Gerst, who began the day with some quick laptop computer troubleshooting for a remote robotics experiment, spent his morning recording a “Flying Classroom” video. He took a brief break from that activity to talk with students in his native country of Germany over the station’s ham radio.

Gerst finished up his morning activities with an inspection of the portable emergency equipment to make sure that the fire extinguishers and other items remain in working condition.

Inside the Zvezda service module, Flight Engineers Max Suraev and Alexander Skvortsov performed a test of the Telerobotically Operated Rendezvous System, or TORU, to prepare for the upcoming undocking of the ISS Progress 55 cargo ship on July 21 and the launch and docking of its replacement – ISS Progress 56 — on July 23. The crew can use TORU to manually guide a Russian spacecraft in the event of a problem with its Kurs automated rendezvous and docking system.

To set the station in the proper phasing for the single-day launch and docking of Progress 56, the engines of the station’s Zvezda service module were fired for one minute and one second beginning at 10:53 a.m. Friday to raise the orbit of the station by .8 statute miles at apogee and 1.3 statute miles at perigee. The reboost originally was planned for next week, but Russian officials agreed to move it earlier to avoid any potential conflicts with Cygnus activities. Friday’s reboost placed the station in an orbit of 260.9 x 256.6 statute miles.

Flight Engineer Oleg Artemyev meanwhile cleaned fan screens inside the Zarya module and recorded video for a Russian documentary about life aboard the station.

Following a midday meal, Swanson, Gerst and Wiseman teamed up for a conference call with the teams on the ground to review the plan to unload cargo from Cygnus. For its second commercial resupply services mission, Orbital-2, Cygnus is delivering approximately 3,300 pounds of supplies for the station, including science experiments to expand the research capability of the Expedition 40 crew, crew provisions, spare parts and experiment hardware.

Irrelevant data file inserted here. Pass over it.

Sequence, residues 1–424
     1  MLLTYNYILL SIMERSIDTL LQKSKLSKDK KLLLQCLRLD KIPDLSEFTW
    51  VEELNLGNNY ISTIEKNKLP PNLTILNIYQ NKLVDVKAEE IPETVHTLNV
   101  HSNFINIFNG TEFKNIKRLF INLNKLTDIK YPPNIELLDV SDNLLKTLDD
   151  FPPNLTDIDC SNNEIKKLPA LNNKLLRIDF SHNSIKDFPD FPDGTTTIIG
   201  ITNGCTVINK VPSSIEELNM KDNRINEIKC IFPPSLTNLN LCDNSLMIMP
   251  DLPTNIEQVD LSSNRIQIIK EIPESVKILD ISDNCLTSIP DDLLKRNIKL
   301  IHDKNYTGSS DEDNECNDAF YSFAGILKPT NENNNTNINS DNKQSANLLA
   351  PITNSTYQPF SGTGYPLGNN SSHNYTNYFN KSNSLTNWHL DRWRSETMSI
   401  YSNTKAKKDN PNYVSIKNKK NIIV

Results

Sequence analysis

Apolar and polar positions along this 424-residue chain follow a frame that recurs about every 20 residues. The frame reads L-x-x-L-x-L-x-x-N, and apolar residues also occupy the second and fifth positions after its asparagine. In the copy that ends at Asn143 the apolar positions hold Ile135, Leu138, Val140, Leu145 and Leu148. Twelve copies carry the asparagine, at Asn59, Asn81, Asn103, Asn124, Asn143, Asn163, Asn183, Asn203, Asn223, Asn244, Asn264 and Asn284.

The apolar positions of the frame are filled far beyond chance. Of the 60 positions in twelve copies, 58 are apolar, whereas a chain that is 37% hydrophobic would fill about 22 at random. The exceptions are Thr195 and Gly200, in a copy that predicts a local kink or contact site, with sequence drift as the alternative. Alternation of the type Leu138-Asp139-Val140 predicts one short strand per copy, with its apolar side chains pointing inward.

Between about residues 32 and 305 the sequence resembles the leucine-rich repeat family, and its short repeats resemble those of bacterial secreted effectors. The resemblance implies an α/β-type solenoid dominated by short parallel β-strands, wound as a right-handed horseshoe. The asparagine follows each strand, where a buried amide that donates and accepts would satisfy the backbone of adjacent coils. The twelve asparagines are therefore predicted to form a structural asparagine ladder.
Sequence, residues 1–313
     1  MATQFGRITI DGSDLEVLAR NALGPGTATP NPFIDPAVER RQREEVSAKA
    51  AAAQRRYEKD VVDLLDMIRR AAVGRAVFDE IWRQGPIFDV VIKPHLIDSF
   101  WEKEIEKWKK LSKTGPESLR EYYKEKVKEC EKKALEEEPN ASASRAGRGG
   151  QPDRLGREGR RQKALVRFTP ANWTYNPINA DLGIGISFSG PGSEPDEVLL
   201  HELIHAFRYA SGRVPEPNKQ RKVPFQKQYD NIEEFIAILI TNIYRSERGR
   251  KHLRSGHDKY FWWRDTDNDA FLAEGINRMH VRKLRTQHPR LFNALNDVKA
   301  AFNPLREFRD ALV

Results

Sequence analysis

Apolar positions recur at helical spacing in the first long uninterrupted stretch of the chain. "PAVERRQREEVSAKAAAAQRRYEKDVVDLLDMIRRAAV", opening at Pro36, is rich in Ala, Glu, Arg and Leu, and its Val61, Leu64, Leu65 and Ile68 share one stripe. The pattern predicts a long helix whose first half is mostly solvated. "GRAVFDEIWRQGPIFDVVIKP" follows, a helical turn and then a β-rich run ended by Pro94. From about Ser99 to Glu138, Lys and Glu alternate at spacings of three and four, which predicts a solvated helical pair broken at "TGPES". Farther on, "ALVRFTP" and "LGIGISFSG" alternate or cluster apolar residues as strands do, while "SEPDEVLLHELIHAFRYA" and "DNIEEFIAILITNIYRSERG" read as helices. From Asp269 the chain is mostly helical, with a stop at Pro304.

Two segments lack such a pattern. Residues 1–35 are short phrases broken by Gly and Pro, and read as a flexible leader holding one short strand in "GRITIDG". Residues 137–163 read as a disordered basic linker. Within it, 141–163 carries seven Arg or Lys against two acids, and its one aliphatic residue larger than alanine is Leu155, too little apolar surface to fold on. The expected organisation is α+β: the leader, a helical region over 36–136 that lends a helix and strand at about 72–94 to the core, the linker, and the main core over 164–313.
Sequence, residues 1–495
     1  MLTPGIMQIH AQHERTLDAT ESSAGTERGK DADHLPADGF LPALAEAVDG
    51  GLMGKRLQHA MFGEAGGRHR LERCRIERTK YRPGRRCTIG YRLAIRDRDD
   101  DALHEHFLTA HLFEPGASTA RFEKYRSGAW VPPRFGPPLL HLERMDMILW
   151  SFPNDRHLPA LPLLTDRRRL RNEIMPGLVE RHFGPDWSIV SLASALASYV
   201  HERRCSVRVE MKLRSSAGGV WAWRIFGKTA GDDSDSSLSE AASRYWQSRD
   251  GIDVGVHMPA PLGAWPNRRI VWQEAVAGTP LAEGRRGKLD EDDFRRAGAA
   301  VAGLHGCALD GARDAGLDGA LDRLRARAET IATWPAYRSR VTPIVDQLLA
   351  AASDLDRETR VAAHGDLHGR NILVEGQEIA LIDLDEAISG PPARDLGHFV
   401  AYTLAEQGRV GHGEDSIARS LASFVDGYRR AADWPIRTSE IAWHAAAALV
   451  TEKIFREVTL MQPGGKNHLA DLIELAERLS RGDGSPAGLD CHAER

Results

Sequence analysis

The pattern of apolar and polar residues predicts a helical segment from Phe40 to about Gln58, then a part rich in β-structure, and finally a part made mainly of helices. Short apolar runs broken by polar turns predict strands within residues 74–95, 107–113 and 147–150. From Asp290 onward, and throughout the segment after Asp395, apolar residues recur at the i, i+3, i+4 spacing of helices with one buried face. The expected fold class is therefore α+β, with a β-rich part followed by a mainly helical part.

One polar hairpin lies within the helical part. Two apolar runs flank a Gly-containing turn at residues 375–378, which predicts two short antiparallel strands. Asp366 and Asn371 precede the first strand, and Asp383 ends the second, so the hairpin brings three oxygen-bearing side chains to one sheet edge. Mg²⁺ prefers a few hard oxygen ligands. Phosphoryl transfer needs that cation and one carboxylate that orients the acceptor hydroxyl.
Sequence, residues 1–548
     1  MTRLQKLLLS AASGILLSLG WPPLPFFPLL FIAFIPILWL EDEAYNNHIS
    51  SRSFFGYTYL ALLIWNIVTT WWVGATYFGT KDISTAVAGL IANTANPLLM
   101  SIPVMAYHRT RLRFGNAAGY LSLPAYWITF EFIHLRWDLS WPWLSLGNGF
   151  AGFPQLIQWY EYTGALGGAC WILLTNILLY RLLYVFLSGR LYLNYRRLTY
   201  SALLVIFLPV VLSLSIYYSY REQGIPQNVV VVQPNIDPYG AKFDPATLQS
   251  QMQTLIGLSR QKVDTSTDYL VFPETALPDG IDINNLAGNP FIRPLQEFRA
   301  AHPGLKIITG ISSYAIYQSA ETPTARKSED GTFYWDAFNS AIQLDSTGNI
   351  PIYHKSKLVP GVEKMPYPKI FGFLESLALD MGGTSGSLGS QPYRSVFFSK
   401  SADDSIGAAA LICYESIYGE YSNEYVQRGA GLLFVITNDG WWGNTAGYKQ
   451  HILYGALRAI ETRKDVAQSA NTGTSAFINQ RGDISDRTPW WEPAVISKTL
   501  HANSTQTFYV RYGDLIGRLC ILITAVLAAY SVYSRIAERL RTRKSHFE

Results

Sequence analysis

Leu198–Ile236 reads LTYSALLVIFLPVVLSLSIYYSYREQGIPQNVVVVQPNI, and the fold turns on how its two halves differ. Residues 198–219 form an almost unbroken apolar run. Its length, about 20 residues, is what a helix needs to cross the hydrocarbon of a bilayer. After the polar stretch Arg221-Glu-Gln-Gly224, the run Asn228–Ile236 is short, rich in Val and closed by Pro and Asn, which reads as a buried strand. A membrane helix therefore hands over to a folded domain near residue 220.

Skvortsov continued loading Progress 55 with trash and unneeded items for disposal when that vehicle makes its fiery re-entry over the Pacific Ocean. Suraev meanwhile returned to the Kulonovskiy Kristall experiment to gather more information about charged particles in a weightless environment

Swanson, Skvortsov and Artemyev wrapped up their day with a long-distance handover conference with the three crew members who will replace them when they head back to Earth in September at the end of Expedition 40. NASA astronaut Barry Wilmore and Russian cosmonauts Alexander Samokutyaev and Elena Serova are slated to launch in late September to join Wiseman, Suraev and Gerst aboard the station for Expedition 41.

Over the weekend, the station’s six residents will have some free time to relax and take care of weekly housekeeping chores. They’ll also have an opportunity to make note of their own role in a station milestone on Saturday: 5,000 days of humans living and working aboard the station. Since the Expedition One mission beginning in November 2000, 214 different individuals have set foot on the station. More than 1,550 science investigations have taken place aboard the orbiting complex during that time.